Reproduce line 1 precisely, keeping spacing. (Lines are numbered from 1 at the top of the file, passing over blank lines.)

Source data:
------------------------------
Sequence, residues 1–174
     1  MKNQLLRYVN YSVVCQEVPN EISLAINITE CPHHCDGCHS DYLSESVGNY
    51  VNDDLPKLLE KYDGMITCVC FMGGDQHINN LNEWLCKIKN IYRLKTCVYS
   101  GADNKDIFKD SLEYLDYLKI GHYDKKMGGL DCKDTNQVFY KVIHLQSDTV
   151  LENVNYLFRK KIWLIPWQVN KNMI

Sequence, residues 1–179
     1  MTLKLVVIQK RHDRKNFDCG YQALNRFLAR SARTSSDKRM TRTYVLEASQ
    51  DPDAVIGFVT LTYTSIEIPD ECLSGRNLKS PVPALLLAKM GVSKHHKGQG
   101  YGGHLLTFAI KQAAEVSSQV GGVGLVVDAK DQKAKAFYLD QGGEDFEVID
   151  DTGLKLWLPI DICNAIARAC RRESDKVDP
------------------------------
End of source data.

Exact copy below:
Sequence, residues 1–174